We think of DNA as the vitally important molecules that carry genetic instructions for most living things, including ourselves. But not all DNA actually codes proteins; now, we're finding more and more functions involving the non-coding DNA scientists used to think of as 'junk'.

A new study suggests that satellite DNA – a type of non-coding DNA arranged in long, repetitive, apparently nonsensical strings of genetic material – may be the reason why different species can't successfully breed with each other.

It appears that satellite DNA plays an essential role in keeping all of a cell's individual chromosomes together in a single nucleus, through the work of cellular proteins.

According to biologists Madhav Jagannathan and Yukiko Yamashita who authored the new study, that important role is managed differently in each species, leading to genetic incompatibility. The clash of the different strategies between species may be what causes chromosomes to scatter outside of the nucleus, at least in part, preventing reproduction.

"We propose a unifying framework that explains how the widely observed satellite DNA divergence between closely related species can cause reproductive isolation," they write in their paper.

This "satellite DNA divergence" has been well established in previous research, leading to suspicions about its role in speciation. In the case of the chimpanzee genome and the human genome, for example, the protein-coding DNA is almost identical, while the 'junk' DNA is almost entirely different.

In this new study, experimenting on the fruit fly Drosophila melanogaster, the researchers noticed that deleting a gene which produces a protein called Prod – which binds to a specific bit of satellite DNA – caused the flies to die, as their chromosomes scattered outside the cell nucleus. However, that crucial bit of satellite DNA is missing altogether in the flies' nearest relatives, which survive just fine without it.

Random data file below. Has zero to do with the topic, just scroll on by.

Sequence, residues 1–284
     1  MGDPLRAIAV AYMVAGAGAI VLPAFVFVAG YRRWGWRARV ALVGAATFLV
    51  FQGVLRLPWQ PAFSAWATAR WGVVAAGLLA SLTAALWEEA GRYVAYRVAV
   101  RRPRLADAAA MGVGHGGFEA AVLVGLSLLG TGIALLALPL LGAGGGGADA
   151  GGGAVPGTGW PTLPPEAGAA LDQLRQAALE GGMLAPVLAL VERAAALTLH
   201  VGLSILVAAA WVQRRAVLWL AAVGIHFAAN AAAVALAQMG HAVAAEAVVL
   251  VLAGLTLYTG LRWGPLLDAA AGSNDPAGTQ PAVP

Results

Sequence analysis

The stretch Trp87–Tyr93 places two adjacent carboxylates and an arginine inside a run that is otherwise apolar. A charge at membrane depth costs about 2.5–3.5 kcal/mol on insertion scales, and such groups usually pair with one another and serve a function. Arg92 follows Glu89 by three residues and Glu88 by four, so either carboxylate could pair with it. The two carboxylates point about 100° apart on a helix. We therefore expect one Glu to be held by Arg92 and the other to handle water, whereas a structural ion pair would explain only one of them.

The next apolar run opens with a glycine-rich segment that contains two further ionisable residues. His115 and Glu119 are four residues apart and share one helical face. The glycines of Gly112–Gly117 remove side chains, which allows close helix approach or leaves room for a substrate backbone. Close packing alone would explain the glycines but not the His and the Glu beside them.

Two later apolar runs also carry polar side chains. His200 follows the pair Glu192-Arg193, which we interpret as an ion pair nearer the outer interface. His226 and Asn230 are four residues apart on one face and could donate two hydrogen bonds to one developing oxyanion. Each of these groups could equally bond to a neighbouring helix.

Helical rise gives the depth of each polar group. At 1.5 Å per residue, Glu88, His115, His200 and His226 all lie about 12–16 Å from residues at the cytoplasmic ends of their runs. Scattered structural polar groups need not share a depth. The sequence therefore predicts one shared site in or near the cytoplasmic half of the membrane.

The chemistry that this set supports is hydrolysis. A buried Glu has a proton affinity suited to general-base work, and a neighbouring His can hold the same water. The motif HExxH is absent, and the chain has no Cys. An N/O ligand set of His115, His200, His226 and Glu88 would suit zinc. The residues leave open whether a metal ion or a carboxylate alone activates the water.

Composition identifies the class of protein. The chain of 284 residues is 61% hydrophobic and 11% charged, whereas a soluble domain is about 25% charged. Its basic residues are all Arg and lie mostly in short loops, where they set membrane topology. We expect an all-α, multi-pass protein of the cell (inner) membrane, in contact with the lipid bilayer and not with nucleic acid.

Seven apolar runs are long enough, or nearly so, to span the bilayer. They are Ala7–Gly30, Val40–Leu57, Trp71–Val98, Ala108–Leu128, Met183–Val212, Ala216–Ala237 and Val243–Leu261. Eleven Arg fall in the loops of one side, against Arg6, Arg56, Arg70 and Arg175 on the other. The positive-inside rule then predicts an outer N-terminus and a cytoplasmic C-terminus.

That suggests these important non-coding sequences of DNA material have evolved differently between species. To take a closer look, the team examined hybrid offspring bred from a D. melanogaster female and a male from the closely related D. simulans species.

Flies bred in this way usually die very quickly or end up sterile. In this case, an examination of the tissue of the hybrid offspring confirmed what the researchers had suspected – that the chromosomes (the DNA packages necessary for reproduction) were being disrupted here as well.

"When we looked at those hybrid tissues, it was very clear that their phenotype was exactly the same as if you had disrupted the satellite DNA-​mediated chromosomal organization of a pure species," says Yamashita, who works at the Massachusetts Institute of Technology (MIT).

"The chromosomes were scattered, and not encapsulated in a single nucleus."

Digging even further, the researchers produced healthy hybrid flies by removing the genes known to damage hybrid offspring (called 'hybrid incompatibility genes') from their parent flies. These incompatibility genes are known to localize to satellite DNA in the pure species.

Satellite DNA mutates fairly regularly, and the researchers think that the proteins that bind to satellite DNA to keep chromosomes together have to evolve to keep up. This then gives each species its own different strategy when it comes to satellite DNA operations.

Next, the team wants to try and design a protein that successfully binds across the satellite DNA of two species, keeping the chromosomes where they should be. That could enable viable offspring between those species, but it will take years to realize.

"Our study lays the foundation for understanding hybrid incompatibility at a cellular level in Drosophila as well as other eukaryotes," write the researchers.

The research has been published in Molecular Biology and Evolution.